I believe that the first step to truly acknowledging injustice and processing the world’s pain is lament. In his book Prophetic Lamentation, Soong Chan Rah argues that until we learn how to weep for justice, there will never be any change. He goes on to declare that “lament is the language of God.” Lament is the language that gets God’s attention. Based on his pivotal text, we serve a God who hears our tears.
Lament Activates the Justice of God
For example, in Exodus 2:23-25 Moses writes that:
“During that long period, the king of Egypt died. The Israelites groaned in their slavery and cried out, and their cry for help because of their slavery went up to God.
God heard their groaning,
and he remembered his covenant with Abraham, with Isaac and with Jacob. So God looked on the Israelites and was concerned about them.”
The New Living Translation says, “that God knew that it was time to act.” In these verses we see that lament not only captures God’s attention, but it also moves Him to act. Secularism will have you believe that we serve a God who is aloof, standoffish, and hands-off in His dealings with humanity. So often the injustice and devastation of our world causes many of us to question, where is God? Why doesn’t He do something about the oppression and destruction in our world today? But these verses show that God cares about injustice. And more importantly, when He hears the cries of His people against injustice He hears and He acts.
But what if God is looking for a church that is willing to weep for others? What if the way we activate God’s justice is by weeping for injustice?
When We Weep
When we weep we employ lament in our intercessory prayers. Living in such terrible and turbulent times, there needs to be a collective lament among the people of God for the people and things of the Earth. In the same way we make room for organizing protests, writing rebukes, and campaigning for change, we must also make time for weeping and reflection. Soong Chan Rah says, “lament recognizes the struggles of life and cries out for justice against existing injustices.” Like the prophet Nehemiah we must determine in our hearts that we must lament for our cities before we can start to rebuild them. We must put our souls in the position of empathetic lamentation in order to activate the justice of God in the Earth.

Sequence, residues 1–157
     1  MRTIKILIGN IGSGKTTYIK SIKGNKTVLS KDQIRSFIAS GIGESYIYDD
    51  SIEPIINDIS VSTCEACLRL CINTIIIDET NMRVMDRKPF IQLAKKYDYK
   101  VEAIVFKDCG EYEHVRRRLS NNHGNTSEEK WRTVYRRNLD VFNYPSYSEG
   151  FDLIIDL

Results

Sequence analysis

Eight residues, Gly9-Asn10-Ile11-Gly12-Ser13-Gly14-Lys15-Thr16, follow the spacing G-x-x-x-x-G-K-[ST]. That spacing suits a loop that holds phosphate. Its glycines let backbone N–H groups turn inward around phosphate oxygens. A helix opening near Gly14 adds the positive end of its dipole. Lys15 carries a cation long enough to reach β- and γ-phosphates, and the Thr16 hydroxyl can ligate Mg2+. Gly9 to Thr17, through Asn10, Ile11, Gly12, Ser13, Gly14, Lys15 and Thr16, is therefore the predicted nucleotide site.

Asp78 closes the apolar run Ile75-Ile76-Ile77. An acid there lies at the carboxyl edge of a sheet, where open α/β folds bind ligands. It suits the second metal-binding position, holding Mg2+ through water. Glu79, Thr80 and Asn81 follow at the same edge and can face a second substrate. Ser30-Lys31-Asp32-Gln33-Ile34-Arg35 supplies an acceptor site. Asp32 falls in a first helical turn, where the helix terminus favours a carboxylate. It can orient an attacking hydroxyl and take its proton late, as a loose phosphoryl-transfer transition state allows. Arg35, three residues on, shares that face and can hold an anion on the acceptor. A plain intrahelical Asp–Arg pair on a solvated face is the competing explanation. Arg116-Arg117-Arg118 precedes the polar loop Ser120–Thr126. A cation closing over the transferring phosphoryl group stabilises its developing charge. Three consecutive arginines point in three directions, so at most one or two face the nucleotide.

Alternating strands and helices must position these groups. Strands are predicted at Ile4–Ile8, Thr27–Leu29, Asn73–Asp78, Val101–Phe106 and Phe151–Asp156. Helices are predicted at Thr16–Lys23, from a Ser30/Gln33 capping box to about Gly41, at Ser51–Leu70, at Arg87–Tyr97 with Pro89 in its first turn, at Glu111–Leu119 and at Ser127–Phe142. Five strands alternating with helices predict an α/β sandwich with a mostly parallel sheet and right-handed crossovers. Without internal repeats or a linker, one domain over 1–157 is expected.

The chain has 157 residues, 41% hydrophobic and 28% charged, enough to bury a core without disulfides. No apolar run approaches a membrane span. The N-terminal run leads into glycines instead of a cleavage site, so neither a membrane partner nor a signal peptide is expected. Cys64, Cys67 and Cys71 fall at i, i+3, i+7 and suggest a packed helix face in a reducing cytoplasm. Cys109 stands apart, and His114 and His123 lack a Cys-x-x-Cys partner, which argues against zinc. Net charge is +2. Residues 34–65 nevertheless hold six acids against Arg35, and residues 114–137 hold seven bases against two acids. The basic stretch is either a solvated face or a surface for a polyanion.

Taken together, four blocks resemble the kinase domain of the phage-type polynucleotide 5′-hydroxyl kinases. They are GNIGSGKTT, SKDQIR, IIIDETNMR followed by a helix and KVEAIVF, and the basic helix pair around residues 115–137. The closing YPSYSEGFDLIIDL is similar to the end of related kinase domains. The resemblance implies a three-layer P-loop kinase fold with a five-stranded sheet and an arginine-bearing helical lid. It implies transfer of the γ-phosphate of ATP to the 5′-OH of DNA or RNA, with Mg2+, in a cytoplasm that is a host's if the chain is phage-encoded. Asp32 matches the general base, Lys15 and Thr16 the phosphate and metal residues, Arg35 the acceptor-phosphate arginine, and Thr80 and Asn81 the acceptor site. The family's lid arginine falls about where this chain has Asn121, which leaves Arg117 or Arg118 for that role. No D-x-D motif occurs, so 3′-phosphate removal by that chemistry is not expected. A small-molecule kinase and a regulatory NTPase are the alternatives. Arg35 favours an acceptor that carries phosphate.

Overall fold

How many times have we prayed for injustice in our churches? When was the last time you heard a prayer for the decisions coming from this administration? Can you say you’ve prayed over the lives of the children held at the border? How can we say we love God and have no love for one another? How are we disciples of Christ when don’t weep over the things He wept for?
When we weep for our communities, for the disproportionate numbers of African Americans behind bars, for the children unjustly separated from their parents, for the families living in food deserts, for the neighborhoods that look like war zones, that is when we participate in the kind of intercessory prayer that activates the justice of God.
The earth is groaning. The question is, as believers, will we groan with it to the God who saves? Will we lament and activate the justice of the God who hears our tears?